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Publication numberUS5661626 A
Publication typeGrant
Application numberUS 08/532,495
Publication dateAug 26, 1997
Filing dateSep 22, 1995
Priority dateSep 22, 1994
Fee statusLapsed
Also published asDE19535352A1
Publication number08532495, 532495, US 5661626 A, US 5661626A, US-A-5661626, US5661626 A, US5661626A
InventorsHideo Takeuchi
Original AssigneeAdvantest Corporation
Export CitationBiBTeX, EndNote, RefMan
External Links: USPTO, USPTO Assignment, Espacenet
Excess current detection and control circuit for power source in semiconductor test system
US 5661626 A
Abstract
An excess current detection and control circuit for a power source system to provide an overall electric current to a device to be tested, includes: a plurality of device power sources connected in parallel with each other to form the power source system whereby supplying an electric current to the device wherein each of the device power sources is provided with a predetermined excess current level flowing to the device and maintaining the excess current without further increasing the electric current level and generates an excess current detection signal when the electric current reaching the excess current level, a power source condition monitor device connected to the plurality of device power sources for receiving the excess current detection signal from each of the device power sources and generating an interruption signal only when receiving the excess current detection signal from each and all of the device power sources connected to the device to be tested, and a central processor unit for determining whether the overall current flowing through the device under test is larger than a predetermined excess current level of the device under test when receiving the interruption signal from the power source condition monitor device.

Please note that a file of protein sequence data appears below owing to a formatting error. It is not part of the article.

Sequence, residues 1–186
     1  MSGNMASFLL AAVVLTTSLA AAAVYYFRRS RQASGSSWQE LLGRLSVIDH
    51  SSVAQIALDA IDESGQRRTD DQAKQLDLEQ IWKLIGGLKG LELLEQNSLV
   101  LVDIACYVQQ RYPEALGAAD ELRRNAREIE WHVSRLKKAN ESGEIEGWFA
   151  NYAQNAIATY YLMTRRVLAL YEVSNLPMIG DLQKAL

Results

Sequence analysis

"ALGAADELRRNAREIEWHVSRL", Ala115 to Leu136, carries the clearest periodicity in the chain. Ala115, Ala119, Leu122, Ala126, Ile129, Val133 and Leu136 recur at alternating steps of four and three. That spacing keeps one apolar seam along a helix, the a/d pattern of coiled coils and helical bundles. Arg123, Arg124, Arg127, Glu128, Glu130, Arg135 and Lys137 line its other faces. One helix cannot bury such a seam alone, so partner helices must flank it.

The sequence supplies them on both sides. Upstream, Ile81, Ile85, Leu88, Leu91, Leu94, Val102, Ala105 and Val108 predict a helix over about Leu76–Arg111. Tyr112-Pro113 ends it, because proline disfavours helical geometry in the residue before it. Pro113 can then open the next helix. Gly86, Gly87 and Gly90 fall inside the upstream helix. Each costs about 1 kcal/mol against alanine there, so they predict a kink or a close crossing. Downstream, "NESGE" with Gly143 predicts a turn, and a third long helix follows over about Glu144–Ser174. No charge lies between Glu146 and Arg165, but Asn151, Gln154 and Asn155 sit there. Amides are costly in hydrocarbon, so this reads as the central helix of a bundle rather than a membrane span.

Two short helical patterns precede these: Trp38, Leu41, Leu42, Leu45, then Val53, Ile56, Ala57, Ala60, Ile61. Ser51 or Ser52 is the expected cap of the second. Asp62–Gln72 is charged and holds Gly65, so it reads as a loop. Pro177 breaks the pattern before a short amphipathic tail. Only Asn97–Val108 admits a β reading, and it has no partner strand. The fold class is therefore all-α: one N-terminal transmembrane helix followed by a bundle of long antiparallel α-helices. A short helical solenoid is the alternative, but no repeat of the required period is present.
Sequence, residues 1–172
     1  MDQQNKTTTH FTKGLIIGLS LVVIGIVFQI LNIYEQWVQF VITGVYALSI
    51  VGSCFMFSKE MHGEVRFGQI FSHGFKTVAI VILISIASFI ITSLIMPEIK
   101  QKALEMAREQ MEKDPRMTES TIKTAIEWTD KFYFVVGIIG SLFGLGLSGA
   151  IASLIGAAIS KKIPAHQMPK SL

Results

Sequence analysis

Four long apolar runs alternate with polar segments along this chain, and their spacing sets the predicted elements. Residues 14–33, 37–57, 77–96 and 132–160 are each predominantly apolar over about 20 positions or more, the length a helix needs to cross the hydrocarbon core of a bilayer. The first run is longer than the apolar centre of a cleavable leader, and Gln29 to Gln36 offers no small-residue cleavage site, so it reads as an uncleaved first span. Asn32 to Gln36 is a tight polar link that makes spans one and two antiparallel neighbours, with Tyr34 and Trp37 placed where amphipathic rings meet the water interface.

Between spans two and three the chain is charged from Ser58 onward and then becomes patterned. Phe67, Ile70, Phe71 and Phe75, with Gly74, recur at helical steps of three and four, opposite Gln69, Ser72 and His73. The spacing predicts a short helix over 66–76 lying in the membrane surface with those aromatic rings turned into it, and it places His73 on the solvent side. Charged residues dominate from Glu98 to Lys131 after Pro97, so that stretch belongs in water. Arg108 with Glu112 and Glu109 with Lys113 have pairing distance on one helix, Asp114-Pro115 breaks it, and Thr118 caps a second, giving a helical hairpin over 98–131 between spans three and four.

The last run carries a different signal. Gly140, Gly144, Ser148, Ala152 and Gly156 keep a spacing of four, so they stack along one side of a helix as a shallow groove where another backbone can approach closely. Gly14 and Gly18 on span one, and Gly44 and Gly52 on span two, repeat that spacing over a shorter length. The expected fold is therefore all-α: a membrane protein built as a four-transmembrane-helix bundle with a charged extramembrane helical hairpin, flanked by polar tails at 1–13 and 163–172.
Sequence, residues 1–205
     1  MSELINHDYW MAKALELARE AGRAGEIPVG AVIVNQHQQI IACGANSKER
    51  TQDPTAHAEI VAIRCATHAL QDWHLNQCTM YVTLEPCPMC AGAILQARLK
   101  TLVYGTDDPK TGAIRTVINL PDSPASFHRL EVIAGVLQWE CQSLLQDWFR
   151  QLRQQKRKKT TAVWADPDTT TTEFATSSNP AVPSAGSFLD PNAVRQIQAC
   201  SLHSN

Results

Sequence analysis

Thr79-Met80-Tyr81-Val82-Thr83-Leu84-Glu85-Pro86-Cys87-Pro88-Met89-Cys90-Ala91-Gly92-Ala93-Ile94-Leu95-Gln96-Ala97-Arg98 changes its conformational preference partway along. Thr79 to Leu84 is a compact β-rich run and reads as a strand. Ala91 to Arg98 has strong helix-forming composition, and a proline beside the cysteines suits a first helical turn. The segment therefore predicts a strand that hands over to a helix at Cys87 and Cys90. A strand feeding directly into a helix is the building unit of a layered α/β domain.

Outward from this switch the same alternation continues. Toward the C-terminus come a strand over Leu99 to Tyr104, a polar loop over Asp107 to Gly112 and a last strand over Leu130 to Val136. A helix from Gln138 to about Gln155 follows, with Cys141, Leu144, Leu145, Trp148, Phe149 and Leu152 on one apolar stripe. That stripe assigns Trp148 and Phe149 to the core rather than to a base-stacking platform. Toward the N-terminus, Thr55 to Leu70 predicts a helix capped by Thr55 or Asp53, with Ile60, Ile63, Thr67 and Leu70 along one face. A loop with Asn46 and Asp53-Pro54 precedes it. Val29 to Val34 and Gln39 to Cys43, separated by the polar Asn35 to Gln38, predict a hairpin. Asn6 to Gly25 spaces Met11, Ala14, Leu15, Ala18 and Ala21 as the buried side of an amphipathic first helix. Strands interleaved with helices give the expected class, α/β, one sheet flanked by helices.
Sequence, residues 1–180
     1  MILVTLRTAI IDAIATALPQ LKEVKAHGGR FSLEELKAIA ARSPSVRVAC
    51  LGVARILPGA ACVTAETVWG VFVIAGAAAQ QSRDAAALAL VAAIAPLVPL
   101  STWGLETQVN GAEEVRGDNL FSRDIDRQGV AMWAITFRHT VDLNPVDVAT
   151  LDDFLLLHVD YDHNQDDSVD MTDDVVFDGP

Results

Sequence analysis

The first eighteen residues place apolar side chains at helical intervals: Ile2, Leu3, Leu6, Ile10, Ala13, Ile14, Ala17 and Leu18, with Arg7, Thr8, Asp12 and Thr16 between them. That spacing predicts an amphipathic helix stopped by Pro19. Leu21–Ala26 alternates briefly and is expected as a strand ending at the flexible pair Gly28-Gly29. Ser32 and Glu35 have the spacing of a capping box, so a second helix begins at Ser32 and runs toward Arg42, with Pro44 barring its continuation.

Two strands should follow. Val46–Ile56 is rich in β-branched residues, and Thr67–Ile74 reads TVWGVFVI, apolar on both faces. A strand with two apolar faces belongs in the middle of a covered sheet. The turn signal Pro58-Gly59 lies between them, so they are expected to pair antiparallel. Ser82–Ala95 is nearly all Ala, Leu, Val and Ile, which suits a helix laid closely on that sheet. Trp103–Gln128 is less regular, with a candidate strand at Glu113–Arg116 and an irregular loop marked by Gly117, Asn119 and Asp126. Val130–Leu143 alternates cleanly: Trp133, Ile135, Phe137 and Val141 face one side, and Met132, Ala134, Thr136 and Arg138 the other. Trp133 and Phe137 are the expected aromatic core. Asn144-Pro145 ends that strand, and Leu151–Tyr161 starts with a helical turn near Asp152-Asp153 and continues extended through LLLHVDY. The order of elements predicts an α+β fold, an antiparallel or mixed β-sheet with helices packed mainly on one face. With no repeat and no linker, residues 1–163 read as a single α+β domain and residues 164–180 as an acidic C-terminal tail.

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Claims(3)
What is claimed is:
1. An excess current detection and control circuit for a power source system to provide an overall electric current to a device to be tested, comprising:
a plurality of device power sources connected in parallel with each other to form said power source system, each of said device power sources supplying an electric current to said device to be tested to form said overall electric current, and each of said device power sources being provided with a predetermined excess current level flowing to said device to be tested and maintaining said excess current without further increasing said electric current level and generating an excess current detection signal when said electric current reaching said excess current level;
a power source condition monitor device connected to said plurality of device power sources for receiving said excess current detection signal from each of said device power sources, said power source condition monitor device generating an interruption signal only when receiving said excess current detection signal from each and all of the device power sources connected to said device to be tested;
a central processor unit for controlling an overall process of testing said device to be tested, said central processor unit determining whether said overall electric current flowing through said device being larger than a predetermined maximum current level of said device when receiving said interruption signal from said power source condition monitor device.
2. An excess current detection and control circuit as defined in claim 1, wherein said power source condition monitor device is provided with information on said excess current level of each of said device power sources connected in parallel to supply said overall current to said device to be tested.
3. An excess current detection and control circuit for a power source system to provide an overall electric current to each of two devices to be tested, comprising: